False
  • Re: Civil Law and the Bible

    Fow what my humble opinion is worth- and I know there are those out there that don't think too much of it:

     

    It is difficult for some to live in a secular world, yet have strong religious beliefs that may be contrary to the secular world.  Sometimes it becomes impossible to keep the two separate.

     

    Which is right?  Rule of Secular Law (i.e., the Law of the Land) or Law of Faith (i.e., whichever collection of non-secular writings you choose to believe in).

     

    It's a personal choice as to where on the fence that separates the two you choose to sit.  Civil authority is just that- the Law of the Land.  If that Law runs contrary to your religious beliefs, then "Houston- we have a problem."  The same applies if your personal beliefs are strong enough to put you at odds with that Law. (I'm not talking about murder, rape, burglary, spousal abuse, or any of those laws dealing with controlling anarchism.)

     

    Proselyzing can only happen if the the person is willing to adjust to the different view.  Otherwise, it is a waste of time to discuss it any further.

     

    I don't know if that makes any sense or notHuh?

    False
  • Re: Civil Law and the Bible

    Lady Fingers
    The Bible, Old and New Testaments, gives many laws about what "you must" do or not do.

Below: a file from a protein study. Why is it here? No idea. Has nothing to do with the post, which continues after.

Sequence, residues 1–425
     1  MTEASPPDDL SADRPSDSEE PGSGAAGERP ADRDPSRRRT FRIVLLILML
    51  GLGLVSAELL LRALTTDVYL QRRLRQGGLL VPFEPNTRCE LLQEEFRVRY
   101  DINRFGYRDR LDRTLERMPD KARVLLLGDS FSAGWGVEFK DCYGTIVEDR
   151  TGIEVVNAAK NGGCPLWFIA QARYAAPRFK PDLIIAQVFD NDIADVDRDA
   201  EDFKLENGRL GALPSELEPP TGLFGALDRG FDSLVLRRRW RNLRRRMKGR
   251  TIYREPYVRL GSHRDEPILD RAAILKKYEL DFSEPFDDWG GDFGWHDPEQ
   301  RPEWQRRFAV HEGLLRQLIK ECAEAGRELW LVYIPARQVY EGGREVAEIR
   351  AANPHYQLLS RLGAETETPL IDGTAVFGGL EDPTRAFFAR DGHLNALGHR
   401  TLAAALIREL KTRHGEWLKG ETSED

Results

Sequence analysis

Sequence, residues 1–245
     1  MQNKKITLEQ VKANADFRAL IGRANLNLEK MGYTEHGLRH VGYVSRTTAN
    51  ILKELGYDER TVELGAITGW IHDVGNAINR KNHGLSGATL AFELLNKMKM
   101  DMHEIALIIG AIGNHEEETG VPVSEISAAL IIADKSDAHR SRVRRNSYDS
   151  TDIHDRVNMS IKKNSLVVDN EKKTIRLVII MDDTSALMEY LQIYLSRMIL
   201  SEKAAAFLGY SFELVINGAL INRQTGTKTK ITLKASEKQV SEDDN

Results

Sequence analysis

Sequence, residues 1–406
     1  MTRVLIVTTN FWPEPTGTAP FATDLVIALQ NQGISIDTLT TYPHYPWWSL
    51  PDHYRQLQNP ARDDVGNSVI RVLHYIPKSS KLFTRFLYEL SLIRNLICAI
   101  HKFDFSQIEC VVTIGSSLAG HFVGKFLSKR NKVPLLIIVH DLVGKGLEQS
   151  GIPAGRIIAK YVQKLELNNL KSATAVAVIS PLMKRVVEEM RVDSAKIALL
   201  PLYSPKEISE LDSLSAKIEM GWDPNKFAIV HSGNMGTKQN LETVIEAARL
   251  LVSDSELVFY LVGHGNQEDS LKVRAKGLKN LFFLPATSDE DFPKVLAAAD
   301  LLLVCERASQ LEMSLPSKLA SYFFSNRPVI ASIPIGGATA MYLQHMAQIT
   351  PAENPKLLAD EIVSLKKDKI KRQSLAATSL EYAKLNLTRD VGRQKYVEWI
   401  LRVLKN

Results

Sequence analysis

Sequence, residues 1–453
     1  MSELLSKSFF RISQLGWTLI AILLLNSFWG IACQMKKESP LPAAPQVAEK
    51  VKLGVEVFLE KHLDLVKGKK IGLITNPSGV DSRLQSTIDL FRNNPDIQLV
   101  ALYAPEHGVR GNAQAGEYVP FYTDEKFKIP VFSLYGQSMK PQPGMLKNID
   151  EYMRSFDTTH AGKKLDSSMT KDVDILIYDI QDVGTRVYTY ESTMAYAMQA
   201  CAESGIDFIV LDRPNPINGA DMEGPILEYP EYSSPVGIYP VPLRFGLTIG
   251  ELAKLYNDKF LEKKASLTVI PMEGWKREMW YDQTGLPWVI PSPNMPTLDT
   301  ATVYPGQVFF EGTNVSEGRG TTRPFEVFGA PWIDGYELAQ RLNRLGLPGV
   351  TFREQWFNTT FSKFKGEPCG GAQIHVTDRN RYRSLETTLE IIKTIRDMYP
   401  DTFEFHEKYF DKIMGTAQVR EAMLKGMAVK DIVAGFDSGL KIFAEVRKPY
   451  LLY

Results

But do Christians really follow all these laws?  The Bible says many things about how people should behave and how they should treat others, but I believe many Christians and churches have developed a 'pick and choose' attitude.  We do not stone our children to death for talking back to their parents.  Men can now have their hair 'shorn' and no longer have to marry the widows of their brothers. Women can wear 'clothing of men' and we can all eat pretty much what we please.  If we can do away with these 'out-dated' laws from the Bible why must we keep the ones that don't make sense in a modern society.

    brigidSleep

    False


  • Re: Civil Law and the Bible

    brigid, I too wonder the same ----

    It seems that many religions pick and choose which laws of the Bible fit their personal religious choices, but shun other parts of the Bible and what it says

     

    If religions are meant to follow the Bible, then why not follow it to the T?

    False
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  • Re: Civil Law and the Bible

    Good topic.

     

    Religious groups would like to own the concept of marriage. They want to hog it, to copyright it, to take all the credit for inventing the concept of marriage... and then they get to decide who will be granted permission to belong to their 'exclusive' little club.

     

    That said, marriage had nothing to do with religion until the Roman Catholic Church decided to horn in  -- or cash in -- on the deal.  From the earliest recorded histories, marriage always has been -- and still is -- a legal vehicle for the sole purpose of establishing ownership rights for real and personal property. Why, even our Puritan ancestors looked at marriage as a civil contract and not an ecclesiastical ceremony... who knew!